Fascinating comment last week from Bitcoin insider Edmund Edgar, giving us background on my observation that 2016 looks like the year Bitcoin transactions peaked (see above). According to him, it's even worse than that:
So what's actually happened is that there's a cap in the protocol about how many transactions you can have per second (or to be technically precise, the size of the block containing those transactions), and we basically hit that cap at the end of 2015. Rather than just raising that cap the Bitcoin community had a huge factional religious parameter war, and it hasn't been raised in 2016, so the number of transactions hasn't changed.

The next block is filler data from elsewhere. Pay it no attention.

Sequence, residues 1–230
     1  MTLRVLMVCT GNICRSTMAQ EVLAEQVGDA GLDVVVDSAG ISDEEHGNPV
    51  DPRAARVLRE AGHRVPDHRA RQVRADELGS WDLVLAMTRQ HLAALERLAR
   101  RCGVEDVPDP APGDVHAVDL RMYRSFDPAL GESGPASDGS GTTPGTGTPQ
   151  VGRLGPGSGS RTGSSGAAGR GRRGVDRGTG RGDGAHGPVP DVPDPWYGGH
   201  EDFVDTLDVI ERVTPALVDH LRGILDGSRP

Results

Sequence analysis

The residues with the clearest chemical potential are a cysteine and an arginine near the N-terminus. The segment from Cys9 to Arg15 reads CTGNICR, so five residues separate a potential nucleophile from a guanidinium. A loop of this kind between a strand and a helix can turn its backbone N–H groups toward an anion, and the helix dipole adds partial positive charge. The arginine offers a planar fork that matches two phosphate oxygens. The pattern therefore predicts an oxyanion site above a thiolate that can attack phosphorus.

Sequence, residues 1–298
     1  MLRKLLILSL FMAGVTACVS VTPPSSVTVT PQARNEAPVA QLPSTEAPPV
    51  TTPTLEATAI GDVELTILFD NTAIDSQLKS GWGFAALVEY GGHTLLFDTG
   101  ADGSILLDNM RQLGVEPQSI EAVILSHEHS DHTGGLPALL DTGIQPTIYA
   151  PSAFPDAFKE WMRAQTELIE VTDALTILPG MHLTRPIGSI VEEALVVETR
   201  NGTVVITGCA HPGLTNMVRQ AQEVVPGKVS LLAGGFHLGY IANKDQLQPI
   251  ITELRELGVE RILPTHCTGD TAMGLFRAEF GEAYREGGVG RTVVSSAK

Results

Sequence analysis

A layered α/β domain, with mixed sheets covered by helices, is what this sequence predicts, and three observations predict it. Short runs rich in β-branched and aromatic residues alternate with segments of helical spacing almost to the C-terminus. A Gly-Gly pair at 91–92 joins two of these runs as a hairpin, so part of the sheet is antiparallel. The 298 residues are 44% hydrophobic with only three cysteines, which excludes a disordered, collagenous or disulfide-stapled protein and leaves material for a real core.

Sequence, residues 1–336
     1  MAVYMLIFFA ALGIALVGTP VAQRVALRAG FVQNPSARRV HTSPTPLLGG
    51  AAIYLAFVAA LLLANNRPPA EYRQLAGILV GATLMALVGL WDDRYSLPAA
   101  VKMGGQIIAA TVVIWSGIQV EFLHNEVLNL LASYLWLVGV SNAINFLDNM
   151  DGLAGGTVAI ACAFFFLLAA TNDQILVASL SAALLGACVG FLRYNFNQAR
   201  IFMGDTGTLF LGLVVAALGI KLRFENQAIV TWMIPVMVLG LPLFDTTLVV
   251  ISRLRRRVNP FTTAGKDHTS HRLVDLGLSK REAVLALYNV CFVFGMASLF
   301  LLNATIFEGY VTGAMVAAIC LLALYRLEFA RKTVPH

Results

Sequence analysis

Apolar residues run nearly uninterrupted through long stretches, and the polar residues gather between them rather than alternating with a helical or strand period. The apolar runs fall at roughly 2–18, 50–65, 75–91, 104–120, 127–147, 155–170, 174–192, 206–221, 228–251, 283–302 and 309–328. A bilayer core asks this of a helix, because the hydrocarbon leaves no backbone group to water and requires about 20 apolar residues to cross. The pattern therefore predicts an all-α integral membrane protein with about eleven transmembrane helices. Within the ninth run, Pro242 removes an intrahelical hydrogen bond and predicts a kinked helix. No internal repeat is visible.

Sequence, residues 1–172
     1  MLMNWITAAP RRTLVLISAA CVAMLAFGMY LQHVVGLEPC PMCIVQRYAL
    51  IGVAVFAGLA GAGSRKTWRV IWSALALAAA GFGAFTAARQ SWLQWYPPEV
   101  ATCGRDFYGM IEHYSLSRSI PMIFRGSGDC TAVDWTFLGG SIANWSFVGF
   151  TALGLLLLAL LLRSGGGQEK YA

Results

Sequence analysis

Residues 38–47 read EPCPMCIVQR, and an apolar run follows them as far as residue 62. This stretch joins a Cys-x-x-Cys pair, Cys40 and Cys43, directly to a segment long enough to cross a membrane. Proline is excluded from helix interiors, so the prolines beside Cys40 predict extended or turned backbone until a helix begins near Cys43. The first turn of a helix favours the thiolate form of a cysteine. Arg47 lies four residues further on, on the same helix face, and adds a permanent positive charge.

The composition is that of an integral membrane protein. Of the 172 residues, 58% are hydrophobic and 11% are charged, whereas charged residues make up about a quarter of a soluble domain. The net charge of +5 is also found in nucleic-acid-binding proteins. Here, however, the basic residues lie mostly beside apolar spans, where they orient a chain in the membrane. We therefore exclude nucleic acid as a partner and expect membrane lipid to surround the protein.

Demand to send transactions still seems to be going up, so the cost of sending a transaction has been increasing. I think (although I'm not confident) the amount of value in each transaction has been tending to increase, so effectively low-value transactions are getting priced out, and it's being used for progressively higher ones.
I believe the transaction cap relates to blocking Bitcoin "gold farming" from behind China's Great Firewall. Anyway, argues Edgar, it's changed the underlying utility of Bitcoin: